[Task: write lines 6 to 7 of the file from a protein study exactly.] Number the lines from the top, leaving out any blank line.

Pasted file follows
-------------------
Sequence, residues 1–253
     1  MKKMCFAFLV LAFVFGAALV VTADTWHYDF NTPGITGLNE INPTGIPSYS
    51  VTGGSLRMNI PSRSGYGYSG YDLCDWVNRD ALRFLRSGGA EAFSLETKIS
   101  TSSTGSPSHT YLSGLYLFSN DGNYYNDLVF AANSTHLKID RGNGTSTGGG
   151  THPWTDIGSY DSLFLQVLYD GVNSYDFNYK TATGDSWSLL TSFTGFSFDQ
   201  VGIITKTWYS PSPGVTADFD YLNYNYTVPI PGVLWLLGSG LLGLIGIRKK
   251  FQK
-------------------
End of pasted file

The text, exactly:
   201  VGIITKTWYS PSPGVTADFD YLNYNYTVPI PGVLWLLGSG LLGLIGIRKK
   251  FQK